The guitarist spun distorted melodies and executed beautiful intermissions with ease (and sung wonderfully too), and the drummer (seemingly a budding Zach Hill fan) kept things impeccably tight throughout, with brief yet effective solos that complemented and magnified the band’s loving harshness.

On the topic of noise; julie were very noisy. In between many of their songs were intermissions of beautiful, pedal-y feedback, mainly led by the guitarist and the bassist. Song outros were added, extended, amplified and experimented with in real time. The huge walls of din and moments of electronic sampling managed by the bassist added needed tension to the relative sameness of the set and contributed to the band’s readily apparent dark aesthetic.

Herein lies my sole complaint.

As a non-fan (and this goes for almost any artist with a cohesive sound, really), I began to notice something. Recall how I noted their short discography? The set was, ultimately, long. Surprisingly long. I believe it went close to if not over an hour.

While this could be passed off as artistically valid fan service- and to be fair, I did find it pretty impressive- I found that many of the songs began to blend together, with similar tempos and vocal lines, and dynamics that were roughly the same throughout the set.

The band did make an effort to separate their tracks, and to provide periods of rest (hence the aforementioned “intermissions”), but I very occasionally found my interest in the music towards the end of the set faltering at certain points. These feelings were far from the norm, but I did leave the venue with them in the back of my head.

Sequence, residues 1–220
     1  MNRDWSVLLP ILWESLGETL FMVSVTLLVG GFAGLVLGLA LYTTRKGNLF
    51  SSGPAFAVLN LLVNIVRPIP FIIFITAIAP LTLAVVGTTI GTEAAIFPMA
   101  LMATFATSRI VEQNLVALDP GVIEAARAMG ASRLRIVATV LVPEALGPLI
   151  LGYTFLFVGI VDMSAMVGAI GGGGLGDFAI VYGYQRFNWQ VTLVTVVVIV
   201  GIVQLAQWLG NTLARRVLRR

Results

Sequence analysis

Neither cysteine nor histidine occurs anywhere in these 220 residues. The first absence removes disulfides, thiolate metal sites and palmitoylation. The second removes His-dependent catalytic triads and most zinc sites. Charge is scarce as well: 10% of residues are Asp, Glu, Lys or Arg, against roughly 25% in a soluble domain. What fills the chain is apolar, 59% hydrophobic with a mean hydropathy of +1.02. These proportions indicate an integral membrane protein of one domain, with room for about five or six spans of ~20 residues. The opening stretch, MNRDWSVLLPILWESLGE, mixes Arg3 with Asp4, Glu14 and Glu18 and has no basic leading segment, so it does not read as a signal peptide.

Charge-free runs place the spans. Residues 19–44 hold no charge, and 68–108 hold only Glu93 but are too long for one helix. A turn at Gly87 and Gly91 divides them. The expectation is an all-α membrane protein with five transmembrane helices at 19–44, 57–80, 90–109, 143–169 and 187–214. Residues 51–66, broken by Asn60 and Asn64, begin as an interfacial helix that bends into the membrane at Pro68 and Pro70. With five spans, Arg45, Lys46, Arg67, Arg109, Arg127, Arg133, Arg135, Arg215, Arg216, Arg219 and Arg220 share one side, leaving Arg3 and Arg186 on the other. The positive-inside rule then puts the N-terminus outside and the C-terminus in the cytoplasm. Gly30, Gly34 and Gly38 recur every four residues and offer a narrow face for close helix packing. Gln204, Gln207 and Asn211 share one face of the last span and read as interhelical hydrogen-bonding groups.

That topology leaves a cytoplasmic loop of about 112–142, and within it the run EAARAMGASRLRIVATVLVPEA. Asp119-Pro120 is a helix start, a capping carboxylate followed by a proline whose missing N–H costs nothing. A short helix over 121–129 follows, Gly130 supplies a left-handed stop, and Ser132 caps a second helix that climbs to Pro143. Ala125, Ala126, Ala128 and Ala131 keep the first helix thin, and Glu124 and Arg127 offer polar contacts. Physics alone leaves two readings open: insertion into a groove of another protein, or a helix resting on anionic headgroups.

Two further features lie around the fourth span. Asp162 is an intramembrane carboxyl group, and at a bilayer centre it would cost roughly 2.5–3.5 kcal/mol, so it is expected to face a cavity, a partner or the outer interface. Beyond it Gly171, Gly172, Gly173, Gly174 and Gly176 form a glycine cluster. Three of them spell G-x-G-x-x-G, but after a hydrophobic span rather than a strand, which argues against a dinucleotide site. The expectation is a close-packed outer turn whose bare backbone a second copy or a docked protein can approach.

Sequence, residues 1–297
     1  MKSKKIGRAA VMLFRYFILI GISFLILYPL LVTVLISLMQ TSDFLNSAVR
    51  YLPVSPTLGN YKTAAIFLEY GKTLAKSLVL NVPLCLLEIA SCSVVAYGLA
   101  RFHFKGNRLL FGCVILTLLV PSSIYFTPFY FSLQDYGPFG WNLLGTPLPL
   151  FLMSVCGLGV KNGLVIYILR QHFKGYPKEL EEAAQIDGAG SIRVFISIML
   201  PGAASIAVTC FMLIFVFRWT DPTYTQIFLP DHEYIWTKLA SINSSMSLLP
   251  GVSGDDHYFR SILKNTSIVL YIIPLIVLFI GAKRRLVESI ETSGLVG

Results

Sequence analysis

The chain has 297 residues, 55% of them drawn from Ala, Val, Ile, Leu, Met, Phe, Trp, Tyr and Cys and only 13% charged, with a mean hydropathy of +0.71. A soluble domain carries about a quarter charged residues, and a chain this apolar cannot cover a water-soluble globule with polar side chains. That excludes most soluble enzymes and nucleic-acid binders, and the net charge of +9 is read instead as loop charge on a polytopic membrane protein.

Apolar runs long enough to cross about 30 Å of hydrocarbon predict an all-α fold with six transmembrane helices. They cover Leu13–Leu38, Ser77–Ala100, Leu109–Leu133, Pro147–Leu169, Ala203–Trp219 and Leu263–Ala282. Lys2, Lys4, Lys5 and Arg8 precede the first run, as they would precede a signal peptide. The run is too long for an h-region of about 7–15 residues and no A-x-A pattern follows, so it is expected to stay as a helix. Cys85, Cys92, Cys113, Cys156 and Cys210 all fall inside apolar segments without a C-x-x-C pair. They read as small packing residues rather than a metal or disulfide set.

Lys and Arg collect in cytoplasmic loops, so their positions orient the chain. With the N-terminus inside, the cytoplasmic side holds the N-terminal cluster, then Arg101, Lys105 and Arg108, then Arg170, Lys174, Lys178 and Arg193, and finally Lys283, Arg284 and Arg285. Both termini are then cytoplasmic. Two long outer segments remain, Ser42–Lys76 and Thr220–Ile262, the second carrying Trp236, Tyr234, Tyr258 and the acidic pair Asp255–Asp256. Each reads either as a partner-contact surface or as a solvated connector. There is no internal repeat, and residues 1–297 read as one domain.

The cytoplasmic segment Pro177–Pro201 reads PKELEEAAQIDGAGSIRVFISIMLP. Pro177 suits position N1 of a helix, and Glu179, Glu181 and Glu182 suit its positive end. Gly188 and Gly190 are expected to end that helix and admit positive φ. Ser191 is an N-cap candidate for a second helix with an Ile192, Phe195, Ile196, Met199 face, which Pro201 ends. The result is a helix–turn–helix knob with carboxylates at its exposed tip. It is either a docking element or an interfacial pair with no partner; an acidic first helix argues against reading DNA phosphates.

My friend at the show mentioned that this issue could be the effect of having a discography consisting largely of singles, as opposed to album tracks that ebb and flow. But hey, I’m not a dedicated fan, so what do I know; pretty much everyone else there seemed like they’d disagree with me.

Ultimately, I’m super glad I went. The opener was killer (a fresher band by the name Deux Visages), presenting much hookier and marginally more accessible songs compared to julie, while maintaining a similar aesthetic. They had a charming (and far from offputting) air of inexperience, but still played excellently. It was the perfect opener for a more esoteric, darker lead act, and provided the perfect appetizer for what was to come. I left the show satisfied; it’s one of those sets where it leaves you curious for what the future holds for an artist. julie is a band to watch for sure.

Next time, I’ll do my homework.

-Mike Utt

Band/Artist Profile

Track Review: “my little tony” by bar italia

bar italia are going back to the garage.

For those unfamiliar, bar italia is a London, England-based band specializing in their own brand of moody, off-kilter and charmingly experimental guitar alt-pop. It’s hard to square them into a genre, but the ol’ reliable “post-punk” label may be a half-decent signifier for curious ears.